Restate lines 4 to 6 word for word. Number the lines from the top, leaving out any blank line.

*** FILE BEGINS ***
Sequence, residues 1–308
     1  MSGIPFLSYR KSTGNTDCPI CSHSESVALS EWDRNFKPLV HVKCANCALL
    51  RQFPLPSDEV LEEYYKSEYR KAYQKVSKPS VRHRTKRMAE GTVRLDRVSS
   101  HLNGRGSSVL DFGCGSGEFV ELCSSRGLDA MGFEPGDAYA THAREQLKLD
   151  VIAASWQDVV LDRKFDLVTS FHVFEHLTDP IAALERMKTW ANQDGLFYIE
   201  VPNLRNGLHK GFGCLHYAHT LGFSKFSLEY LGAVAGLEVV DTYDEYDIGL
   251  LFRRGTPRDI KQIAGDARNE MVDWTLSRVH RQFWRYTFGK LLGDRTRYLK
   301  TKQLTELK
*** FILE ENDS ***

   101  HLNGRGSSVL DFGCGSGEFV ELCSSRGLDA MGFEPGDAYA THAREQLKLD
   151  VIAASWQDVV LDRKFDLVTS FHVFEHLTDP IAALERMKTW ANQDGLFYIE
   201  VPNLRNGLHK GFGCLHYAHT LGFSKFSLEY LGAVAGLEVV DTYDEYDIGL